The Weekender: The Tsar’s Cabinet, The Nutcracker and six other items on our to-do list

The Weekender: The Tsar’s Cabinet, The Nutcracker and six other items on our to-do list

The Weekender: Hair, The Nutcracker and The Tsar’s Cabinet

Most children love slumber parties and Christmas movies, which makes the decision to combine the two rather brilliant on the part of Ontario Place—it’ll be hosting a IMAX 3D screening of The Polar Express this Saturday. Kids can don their most festive jammies, make foam ornaments, ask Santa for items on their wish lists and settle in to watch the show. Dec. 17. $15 (To guarantee tickets, e-mail Ontario Place Cinesphere, 955 Lake Shore Blvd. W.,

For the house proud, this very shiny collection of decorative art and home goods—featuring the Romanov family’s Fabergé mounts, imperial porcelain eggs (you mean you don’t have any?), gilded dinner services (a home staple, of course), historical court photos and even their good silver—makes for good, if a little ambitious, inspiration. Some may remember the Romanovs: they were the Russian Imperial family that the Bolsheviks really, really disliked and, um, killed during the revolution of 1917. Perhaps you remember Anastasia better? To Jan. 8. $12. Gardiner Museum, 111 Queen’s Park, 416-586-8080,

We’ve been going to see James Kudelka’s version of this holiday favourite regularly since its debut in 1995, and it’s still thoroughly engaging. Set in Imperial Russia, Tchaikovsky provides the score for Misha and Marie’s journey into a dream world inhabited by fairies, living icicles and gingerbread soldiers (unfortunately the kind you can’t eat, because that would be cannibalism). To Jan. 3. $33–$116. Four Seasons Centre for the Performing Arts, 145 Queen St. W., 416-345-9595,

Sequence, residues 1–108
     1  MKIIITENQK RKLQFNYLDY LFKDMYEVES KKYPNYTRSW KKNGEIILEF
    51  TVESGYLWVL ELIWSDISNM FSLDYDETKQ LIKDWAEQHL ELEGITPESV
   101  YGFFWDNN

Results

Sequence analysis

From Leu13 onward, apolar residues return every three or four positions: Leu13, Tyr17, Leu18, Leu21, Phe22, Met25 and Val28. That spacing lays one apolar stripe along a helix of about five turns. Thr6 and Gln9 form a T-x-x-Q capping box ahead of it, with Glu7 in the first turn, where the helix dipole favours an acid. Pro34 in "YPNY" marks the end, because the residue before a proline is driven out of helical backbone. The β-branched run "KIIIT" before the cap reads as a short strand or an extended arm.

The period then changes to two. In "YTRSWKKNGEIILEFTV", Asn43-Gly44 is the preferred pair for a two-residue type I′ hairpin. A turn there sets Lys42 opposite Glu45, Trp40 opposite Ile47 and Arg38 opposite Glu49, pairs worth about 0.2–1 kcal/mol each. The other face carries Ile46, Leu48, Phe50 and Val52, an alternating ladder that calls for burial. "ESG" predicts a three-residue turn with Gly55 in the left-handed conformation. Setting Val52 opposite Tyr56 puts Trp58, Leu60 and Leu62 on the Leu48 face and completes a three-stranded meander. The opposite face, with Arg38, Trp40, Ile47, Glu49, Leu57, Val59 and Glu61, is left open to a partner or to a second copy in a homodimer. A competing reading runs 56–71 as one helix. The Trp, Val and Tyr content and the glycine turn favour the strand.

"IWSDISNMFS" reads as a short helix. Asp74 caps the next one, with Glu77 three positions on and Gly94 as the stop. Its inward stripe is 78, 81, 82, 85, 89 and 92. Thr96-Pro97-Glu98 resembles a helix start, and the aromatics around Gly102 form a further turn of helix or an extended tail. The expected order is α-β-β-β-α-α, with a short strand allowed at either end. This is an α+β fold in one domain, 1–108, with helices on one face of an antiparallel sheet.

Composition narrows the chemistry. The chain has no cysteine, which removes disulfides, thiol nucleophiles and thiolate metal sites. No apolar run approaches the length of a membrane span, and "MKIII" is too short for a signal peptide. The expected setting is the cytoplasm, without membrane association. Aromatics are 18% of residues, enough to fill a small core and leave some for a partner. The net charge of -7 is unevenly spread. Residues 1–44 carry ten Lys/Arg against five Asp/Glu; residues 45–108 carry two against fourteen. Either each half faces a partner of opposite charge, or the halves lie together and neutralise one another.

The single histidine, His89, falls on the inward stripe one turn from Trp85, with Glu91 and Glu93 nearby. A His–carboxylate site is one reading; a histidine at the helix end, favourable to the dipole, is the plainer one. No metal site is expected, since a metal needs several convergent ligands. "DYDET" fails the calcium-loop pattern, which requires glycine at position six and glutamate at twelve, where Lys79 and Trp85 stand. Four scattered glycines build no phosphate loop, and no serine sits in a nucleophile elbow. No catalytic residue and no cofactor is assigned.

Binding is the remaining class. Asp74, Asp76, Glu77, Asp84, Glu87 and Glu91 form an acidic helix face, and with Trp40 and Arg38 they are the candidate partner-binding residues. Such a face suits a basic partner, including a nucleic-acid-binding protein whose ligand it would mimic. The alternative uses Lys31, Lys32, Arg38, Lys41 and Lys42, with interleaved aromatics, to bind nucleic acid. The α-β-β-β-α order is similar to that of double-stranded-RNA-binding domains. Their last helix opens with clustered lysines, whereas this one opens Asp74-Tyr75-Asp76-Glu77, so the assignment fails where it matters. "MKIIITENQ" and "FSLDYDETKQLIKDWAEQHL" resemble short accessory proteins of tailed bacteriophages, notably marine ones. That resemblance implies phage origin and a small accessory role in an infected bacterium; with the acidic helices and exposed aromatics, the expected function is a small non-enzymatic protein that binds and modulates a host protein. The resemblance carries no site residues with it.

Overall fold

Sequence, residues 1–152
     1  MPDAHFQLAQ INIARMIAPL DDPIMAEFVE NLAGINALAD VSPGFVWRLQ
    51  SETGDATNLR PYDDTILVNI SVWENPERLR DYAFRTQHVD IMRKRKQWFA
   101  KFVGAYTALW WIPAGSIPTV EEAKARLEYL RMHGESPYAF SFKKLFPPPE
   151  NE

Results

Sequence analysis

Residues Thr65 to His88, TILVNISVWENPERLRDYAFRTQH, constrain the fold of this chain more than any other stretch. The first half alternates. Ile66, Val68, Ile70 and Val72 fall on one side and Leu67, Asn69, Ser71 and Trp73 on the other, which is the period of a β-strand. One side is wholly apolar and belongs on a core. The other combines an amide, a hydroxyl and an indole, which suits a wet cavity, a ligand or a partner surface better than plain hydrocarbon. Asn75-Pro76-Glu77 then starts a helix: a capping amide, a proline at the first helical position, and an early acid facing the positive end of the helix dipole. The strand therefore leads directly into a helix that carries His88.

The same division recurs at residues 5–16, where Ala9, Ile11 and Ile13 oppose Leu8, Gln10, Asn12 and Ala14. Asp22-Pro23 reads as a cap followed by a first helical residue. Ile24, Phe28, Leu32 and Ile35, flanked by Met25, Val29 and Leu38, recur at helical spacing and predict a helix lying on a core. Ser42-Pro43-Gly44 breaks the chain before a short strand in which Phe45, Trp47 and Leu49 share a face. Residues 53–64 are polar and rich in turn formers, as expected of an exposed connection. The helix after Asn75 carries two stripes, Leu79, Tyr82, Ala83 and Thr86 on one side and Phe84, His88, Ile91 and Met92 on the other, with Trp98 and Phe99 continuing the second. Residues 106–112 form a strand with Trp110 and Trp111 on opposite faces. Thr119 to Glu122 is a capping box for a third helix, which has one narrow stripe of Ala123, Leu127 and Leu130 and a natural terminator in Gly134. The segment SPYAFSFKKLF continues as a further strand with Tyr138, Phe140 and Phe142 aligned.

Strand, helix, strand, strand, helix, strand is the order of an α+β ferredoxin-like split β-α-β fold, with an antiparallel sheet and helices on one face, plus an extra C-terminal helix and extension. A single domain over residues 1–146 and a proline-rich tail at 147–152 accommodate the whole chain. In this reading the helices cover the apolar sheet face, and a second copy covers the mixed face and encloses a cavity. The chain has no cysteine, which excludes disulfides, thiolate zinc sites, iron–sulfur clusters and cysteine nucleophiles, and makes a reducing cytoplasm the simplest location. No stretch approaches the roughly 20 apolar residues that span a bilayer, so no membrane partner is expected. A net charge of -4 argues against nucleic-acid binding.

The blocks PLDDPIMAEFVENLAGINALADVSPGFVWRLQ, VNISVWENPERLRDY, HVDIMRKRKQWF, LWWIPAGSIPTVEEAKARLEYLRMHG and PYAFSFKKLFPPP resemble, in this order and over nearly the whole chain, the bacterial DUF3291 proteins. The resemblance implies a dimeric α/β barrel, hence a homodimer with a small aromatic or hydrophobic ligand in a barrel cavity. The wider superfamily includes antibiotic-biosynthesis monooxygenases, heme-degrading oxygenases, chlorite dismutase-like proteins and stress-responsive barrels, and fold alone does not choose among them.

Already a joyfully raucous tradition in other cities, this is the first time Toronto will have its own Unsilent Night. Described as a “participatory sound sculpture,” it’s basically a group of speaker-toting people walking from the ROM to Yonge-Dundas Square, all playing—one of four—mixes of the same track at the same time. The cool part? Each participant—and all those who catch a few bars as they pass by—experience the sound in a totally unique way. Vancouver, Cambridge and Whitehorse have all participated, so it’s about time that Toronto (and Edmonton) caught up with the public art scene. Dec. 17. Meet at the Royal Ontario Museum, 100 Queen’s Park,

Little did the theatre world know that when this anti-establishment play made its Broadway debut in 1968 it would be a harbinger of all big rock musicals to come. Set in the midst of the 1960s countercultural movement, it follows a group of bohemians living in N.Y.C.’s East Village who are trying to avoid being conscripted into serving in the Vietnam War. While the details are different, the musical’s tension between doing what’s expected and what you believe in (not to mention its cultural and social criticism) is more than a little relevant today. To Dec. 31. $35–$122. Royal Alexandra Theatre, 260 King St. W., 416-872-1212,

Previous years have included duck fat–fried potatoes and sweet potato latkes, which means this year’s contestants will need to step up their game (purists are still welcome, but come on). This annual event is hosted by Caplansky’s Delicatessen and, hey, even if we don’t win, at least we’ll get to eat lots and lots of fried potatoes. Registration is required for entrants and no off-site applesauce is allowed (Caplansky’s will be supplying unspiked applesauce to avoid jury tampering). Dec. 18. All entrants will receive a free lunch. Caplansky’s Delicatessen, 356 College St., 416-500-3852,

This 1930s play, by Hungarian playwright Miklós László, is like all the good bits of You’ve Got Mail without the challenge of buying Tom Hanks as a romantic lead. Adapted by Soulpepper’s Adam Pettle and Brenda Robins, this Dora Award–winning production is about two clerks in a Budapest parfumerie who not-so-secretly loathe one another. Unbeknown to them, they’re also, falling in love via anonymous letters. To Dec. 31. $28-$65. Young Centre for the Performing Arts, 55 Mill Street, Bldg. 49, 416-866-8666,

Catch the tail end of the city’s annual winter buskerfest on Saturday and Sunday. Mimes, stilt walkers, jugglers, human statues and illusionists will all be in attendance along Yonge Street and at Queen and James. Proceeds from Buskertainment help Raising the Roof fund their support of the city’s homeless. To Dec. 18. Various locations.